Russia Retreats From Kharkiv, Blows Up Bridges
Ukrainian defenders successfully pushed their Russian invaders back toward the northeast border and away from the city of Kharkiv, with the Russians blowing up bridges behind them as they retreated.
With less than 48 hours before President Vladimir V. Putin of Russia aimed to lead his country in Victory Day celebrations commemorating the Soviet triumph over Nazi Germany, the Russian retreat from the area around Kharkiv, Ukraine’s second-largest city, contradicted the Russian narrative and illustrated the complicated picture along the 300-mile front in eastern Ukraine, The New York Times reported.
As many as 60 people were feared to have been killed in the Russian bombing of a village school in the eastern Ukrainian region of Luhansk, the regional governor said on Sunday.
Governor Serhiy Gaidai said Russian forces dropped a bomb on Saturday afternoon on the school in Bilohorivka where about 90 people were sheltering, causing a fire that engulfed the building.
"The fire was extinguished after nearly four hours, then the rubble was cleared, and, unfortunately, the bodies of two people were found," Gaidai wrote on the Telegram messaging app.
"Thirty people were evacuated from the rubble, seven of whom were injured. Sixty people were likely to have died under the rubble of buildings."
Reuters could not immediately verify the report.
Ukraine and its Western allies have accused Russian forces of targeting civilians in the war, which Moscow denies.
In the ruined southeastern port city of Mariupol, scores of civilians have been evacuated from a sprawling steel plant in a week-long operation brokered by the United Nations and the International Committee of the Red Cross (ICRC).
Ukrainian President Volodymyr Zelenskyy said in an address late on Saturday that more than 300 civilians had been rescued from the Azovstal steelworks and authorities would now focus on trying to evacuate the wounded and medics. Other Ukrainian sources have cited different figures.
Russian-backed separatists on Saturday reported a total of 176 civilians evacuated from the plant.
The Azovstal plant is a last hold-out for Ukrainian forces in the city now largely controlled by Russia, and many civilians had also taken refuges in its underground shelters. It has become a symbol of resistance to the Russian effort to capture swathes of eastern and southern Ukraine.
Putin calls the invasion he launched on Feb. 24 a "special military operation" to disarm Ukraine and rid it of anti-Russian nationalism fomented by the West. Ukraine and its allies say Russia launched an unprovoked war.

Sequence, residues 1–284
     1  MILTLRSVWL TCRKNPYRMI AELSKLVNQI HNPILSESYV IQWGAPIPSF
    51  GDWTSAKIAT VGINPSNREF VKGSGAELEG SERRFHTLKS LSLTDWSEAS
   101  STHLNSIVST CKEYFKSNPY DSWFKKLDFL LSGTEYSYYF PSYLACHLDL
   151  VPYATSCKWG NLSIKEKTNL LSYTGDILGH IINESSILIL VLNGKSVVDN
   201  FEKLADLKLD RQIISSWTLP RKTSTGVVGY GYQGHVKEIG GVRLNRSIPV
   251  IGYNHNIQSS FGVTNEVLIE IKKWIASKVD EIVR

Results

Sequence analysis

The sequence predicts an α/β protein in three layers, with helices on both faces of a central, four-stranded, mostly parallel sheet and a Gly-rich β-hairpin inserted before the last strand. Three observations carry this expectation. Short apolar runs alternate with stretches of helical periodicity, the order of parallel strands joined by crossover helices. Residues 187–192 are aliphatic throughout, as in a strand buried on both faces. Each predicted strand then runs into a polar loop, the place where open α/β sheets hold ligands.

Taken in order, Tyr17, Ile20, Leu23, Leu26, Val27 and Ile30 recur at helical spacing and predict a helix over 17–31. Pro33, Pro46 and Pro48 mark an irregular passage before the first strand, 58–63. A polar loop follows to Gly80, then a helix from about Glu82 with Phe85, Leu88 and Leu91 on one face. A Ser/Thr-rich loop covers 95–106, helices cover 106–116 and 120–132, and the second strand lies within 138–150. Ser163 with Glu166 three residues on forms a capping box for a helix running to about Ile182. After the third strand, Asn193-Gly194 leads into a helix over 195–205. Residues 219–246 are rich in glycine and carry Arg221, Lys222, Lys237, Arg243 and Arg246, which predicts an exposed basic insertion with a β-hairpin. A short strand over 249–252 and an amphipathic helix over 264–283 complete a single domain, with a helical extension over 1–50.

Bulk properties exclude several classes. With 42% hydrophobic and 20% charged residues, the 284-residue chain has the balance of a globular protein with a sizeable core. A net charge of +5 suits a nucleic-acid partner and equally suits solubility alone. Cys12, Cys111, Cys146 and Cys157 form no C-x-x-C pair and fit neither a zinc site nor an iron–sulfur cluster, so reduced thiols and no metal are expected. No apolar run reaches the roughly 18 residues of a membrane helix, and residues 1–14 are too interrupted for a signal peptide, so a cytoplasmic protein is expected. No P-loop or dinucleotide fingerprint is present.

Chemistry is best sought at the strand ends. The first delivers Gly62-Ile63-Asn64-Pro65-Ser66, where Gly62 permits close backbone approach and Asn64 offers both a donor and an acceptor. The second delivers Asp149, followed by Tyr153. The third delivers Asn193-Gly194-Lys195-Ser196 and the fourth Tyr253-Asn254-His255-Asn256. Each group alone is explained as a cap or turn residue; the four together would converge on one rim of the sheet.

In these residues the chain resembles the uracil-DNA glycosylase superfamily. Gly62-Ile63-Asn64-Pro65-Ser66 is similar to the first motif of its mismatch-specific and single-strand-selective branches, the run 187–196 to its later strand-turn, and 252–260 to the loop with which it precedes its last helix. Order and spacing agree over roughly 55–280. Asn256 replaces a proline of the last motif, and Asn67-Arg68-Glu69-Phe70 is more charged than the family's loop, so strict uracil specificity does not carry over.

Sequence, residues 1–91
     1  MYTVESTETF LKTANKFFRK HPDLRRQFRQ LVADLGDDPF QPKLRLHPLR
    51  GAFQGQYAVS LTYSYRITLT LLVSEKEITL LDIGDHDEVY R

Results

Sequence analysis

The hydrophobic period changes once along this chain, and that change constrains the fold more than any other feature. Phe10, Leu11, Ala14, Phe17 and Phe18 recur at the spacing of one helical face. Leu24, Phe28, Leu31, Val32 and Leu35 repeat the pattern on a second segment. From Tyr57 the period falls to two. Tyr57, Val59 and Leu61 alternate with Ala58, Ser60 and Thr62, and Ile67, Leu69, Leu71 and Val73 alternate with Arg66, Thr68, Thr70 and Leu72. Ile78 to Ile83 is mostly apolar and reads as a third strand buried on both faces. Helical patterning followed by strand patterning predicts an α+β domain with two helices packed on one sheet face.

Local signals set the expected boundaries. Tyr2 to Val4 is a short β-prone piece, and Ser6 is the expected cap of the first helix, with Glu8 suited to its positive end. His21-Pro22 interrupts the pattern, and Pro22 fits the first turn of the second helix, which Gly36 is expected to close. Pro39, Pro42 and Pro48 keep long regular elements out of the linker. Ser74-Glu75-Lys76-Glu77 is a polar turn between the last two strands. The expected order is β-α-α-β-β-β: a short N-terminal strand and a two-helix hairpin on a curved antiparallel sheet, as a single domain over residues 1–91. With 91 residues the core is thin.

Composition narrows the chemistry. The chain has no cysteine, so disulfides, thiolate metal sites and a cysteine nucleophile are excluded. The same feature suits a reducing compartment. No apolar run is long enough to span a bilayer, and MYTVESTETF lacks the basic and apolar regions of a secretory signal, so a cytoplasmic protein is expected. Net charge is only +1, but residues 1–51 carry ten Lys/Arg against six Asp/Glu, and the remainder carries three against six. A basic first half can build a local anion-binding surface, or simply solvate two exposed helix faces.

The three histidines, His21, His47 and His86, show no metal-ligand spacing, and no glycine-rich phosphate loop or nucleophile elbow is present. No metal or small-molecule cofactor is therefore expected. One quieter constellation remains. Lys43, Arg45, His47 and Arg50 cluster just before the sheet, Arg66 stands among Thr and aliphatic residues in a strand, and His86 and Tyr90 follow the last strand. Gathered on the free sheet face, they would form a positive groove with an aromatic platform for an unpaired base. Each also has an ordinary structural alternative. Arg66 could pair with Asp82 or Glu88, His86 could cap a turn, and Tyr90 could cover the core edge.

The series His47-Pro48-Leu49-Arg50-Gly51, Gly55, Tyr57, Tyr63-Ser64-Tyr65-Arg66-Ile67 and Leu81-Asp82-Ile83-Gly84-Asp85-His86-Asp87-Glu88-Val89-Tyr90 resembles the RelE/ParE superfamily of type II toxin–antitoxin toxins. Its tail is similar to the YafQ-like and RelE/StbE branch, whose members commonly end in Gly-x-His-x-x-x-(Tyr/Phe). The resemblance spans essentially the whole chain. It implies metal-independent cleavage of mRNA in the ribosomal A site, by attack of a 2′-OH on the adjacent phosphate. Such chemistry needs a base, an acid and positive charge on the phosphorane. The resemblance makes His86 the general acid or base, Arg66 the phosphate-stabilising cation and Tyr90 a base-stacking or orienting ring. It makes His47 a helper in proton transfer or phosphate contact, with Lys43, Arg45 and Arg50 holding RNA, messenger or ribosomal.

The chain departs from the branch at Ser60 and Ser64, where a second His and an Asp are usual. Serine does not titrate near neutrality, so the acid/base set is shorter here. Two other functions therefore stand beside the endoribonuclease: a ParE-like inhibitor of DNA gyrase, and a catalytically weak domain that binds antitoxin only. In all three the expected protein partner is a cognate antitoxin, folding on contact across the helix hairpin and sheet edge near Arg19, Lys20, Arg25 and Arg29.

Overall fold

Mariupol is key to blocking Ukrainian exports and linking the Crimean Peninsula, seized by Russia in 2014, and parts of the eastern regions of Luhansk and Donetsk that have been controlled by Russia-backed separatists since that same year.
In an emotional address on Sunday for Victory Day, when Europe commemorates the formal surrender of Germany to the Allies in World War Two, Zelenskyy said that evil had returned to Ukraine with the Russian invasion, but his country would prevail.
President Joe Biden and other G7 leaders were to hold a video call with Zelenskyy on Sunday in a show of unity ahead of Victory Day celebrations on Monday in Russia.
Underlining Western support for Ukraine, Britain pledged to provide a further 1.3 billion pounds ($1.6 billion) in military support and aid, double its previous spending commitments.
Victory Day is a major event in Russia and Putin will preside on Monday over a parade in Moscow's Red Square of troops, tanks, rockets and intercontinental ballistic missiles, showing military might even as his forces fight on in Ukraine.
His speech could offer clues on the future of the war. Russia's efforts have been stymied by logistical and equipment problems and high casualties in the face of fierce resistance.
U.S. Central Intelligence Agency Director William Burns said on Saturday that Putin was convinced "doubling down" on the conflict would improve the outcome for Russia.
"He's in a frame of mind in which he doesn't believe he can afford to lose," Burns told a Financial Times event in Washington on Saturday.